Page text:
My dad loved to travel; we took regular Sunday drives to the mountains and deserts of southern California. We hiked. We camped. We collected interesting rocks. We climbed Mt. San Antonio (Mt. Baldy), the highest peak of the San Gabriel Mountains at 10,068 feet, when I was about 9 years old. While my friends’ vacations consisted of holiday visits to grandparents, we took epic summer vacations to National Parks. He took movies, which always seemed to start with a shot of his nose as he peered into the camera lens — if they had been sound movies, you would have heard, “Is this thing on?” Why he never figured that out, I have no idea.

He was active well into middle age. He used to get us up early for Sunday morning bike rides before breakfast. There were no bike paths in those days; we’d whizz around on empty boulevards while others were still sleeping. He rode 40 miles on his 40th birthday and vowed he’d continue that tradition through the years. He rode regularly until his early 60s when my mom was diagnosed with lung cancer; then he put the bike away and stayed close by her side. My mom and he took one or two more short vacations before she became too sick to travel. After she died he tried to start riding again, but found it difficult. He was in his mid-60s, and he was no longer comfortable out on his road bike.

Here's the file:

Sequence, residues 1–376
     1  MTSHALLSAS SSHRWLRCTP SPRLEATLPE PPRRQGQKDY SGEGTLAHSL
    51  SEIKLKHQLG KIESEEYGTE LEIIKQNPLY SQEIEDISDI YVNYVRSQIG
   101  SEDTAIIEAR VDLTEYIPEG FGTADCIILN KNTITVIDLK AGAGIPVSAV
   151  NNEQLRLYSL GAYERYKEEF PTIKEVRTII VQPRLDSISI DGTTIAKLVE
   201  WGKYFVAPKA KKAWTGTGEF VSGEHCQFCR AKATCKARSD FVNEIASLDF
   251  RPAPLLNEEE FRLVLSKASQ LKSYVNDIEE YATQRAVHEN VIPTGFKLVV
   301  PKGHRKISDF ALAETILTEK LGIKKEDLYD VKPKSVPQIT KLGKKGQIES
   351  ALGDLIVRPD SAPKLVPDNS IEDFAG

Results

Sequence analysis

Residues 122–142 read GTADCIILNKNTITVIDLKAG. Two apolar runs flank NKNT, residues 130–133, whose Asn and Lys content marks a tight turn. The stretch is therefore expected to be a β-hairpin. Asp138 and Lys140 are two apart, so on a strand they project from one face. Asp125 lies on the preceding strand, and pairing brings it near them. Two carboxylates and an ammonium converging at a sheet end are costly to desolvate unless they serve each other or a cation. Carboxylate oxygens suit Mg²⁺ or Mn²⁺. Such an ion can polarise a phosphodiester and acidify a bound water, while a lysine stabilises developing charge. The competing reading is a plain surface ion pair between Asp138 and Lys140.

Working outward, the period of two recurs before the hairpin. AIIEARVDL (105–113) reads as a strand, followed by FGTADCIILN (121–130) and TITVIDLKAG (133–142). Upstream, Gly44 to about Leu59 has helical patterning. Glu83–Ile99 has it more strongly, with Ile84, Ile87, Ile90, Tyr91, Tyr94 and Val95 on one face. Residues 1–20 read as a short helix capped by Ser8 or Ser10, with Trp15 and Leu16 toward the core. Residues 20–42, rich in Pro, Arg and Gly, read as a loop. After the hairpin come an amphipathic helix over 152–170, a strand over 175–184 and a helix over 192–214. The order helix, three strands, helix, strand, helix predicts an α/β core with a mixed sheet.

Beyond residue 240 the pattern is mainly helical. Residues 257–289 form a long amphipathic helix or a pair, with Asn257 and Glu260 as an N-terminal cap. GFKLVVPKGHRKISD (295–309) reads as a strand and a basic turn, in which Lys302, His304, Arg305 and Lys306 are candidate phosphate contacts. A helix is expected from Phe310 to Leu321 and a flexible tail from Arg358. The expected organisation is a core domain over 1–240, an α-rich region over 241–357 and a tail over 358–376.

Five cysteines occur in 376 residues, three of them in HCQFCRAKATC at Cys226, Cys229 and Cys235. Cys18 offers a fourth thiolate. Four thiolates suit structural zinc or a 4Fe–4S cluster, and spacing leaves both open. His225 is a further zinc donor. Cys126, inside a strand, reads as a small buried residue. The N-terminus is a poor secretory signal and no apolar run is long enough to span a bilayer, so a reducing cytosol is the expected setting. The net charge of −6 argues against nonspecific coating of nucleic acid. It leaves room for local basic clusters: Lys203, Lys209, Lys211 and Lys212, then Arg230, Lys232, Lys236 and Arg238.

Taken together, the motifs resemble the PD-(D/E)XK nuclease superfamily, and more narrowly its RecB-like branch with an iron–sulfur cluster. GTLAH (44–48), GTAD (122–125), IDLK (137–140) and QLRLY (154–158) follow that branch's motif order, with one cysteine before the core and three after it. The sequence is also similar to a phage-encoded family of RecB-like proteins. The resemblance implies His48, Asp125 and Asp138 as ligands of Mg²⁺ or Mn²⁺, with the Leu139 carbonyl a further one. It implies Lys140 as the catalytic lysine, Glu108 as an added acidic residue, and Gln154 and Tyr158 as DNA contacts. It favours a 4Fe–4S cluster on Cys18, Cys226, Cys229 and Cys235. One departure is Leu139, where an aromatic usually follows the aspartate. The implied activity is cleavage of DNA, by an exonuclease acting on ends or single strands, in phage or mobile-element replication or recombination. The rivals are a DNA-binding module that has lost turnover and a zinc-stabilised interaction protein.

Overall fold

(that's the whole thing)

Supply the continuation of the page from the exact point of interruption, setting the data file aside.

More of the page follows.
When he met my step-mom, he became young and energized again. It was so good to see him smiling! They traveled all over the world together, up until just a few years ago. I am so grateful that she came into his life and made his last 21 years such happy ones.

Every family has its dynamics, and my dad was not perfect. But he taught me to love learning, to see beauty in nature, and to enjoy experiences more than things.

With my dad’s passing, I suddenly find myself on the cusp. My generation is next in line to go. I have reached that moment when I suddenly look around, see myself in a mirror, and finally, fully understand that I am no longer young.

CFL and I vow to stay active for as many years as we can, while knowing that someday we too will decline and fade. What we have now are moments, and we can only strive to make the most of each of them.

Yesterday I went out for a long run along the waterfront trail. As it happened, I was out there just as 250 cyclists from the Cascade Bike Club’s annual Ride Around Washington (RAW) were coming through on their tour. I was proud to share “my” trail with these riders. I thought about how thrilled my dad would have been to ride with them.

Just as long runs did for me after Kurt died, yesterday’s long run invited and created a safe place for cleansing, healing tears.